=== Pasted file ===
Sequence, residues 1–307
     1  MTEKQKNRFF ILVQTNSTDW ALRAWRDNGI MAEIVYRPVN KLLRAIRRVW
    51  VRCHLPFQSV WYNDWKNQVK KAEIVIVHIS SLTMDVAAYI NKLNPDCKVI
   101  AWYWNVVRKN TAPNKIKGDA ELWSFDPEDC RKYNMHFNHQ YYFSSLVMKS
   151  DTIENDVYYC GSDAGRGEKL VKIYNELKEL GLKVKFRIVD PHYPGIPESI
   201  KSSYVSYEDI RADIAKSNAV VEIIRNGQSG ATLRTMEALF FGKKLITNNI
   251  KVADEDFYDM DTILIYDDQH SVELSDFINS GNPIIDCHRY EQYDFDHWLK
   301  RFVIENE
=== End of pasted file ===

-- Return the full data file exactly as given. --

Sequence, residues 1–307
     1  MTEKQKNRFF ILVQTNSTDW ALRAWRDNGI MAEIVYRPVN KLLRAIRRVW
    51  VRCHLPFQSV WYNDWKNQVK KAEIVIVHIS SLTMDVAAYI NKLNPDCKVI
   101  AWYWNVVRKN TAPNKIKGDA ELWSFDPEDC RKYNMHFNHQ YYFSSLVMKS
   151  DTIENDVYYC GSDAGRGEKL VKIYNELKEL GLKVKFRIVD PHYPGIPESI
   201  KSSYVSYEDI RADIAKSNAV VEIIRNGQSG ATLRTMEALF FGKKLITNNI
   251  KVADEDFYDM DTILIYDDQH SVELSDFINS GNPIIDCHRY EQYDFDHWLK
   301  RFVIENE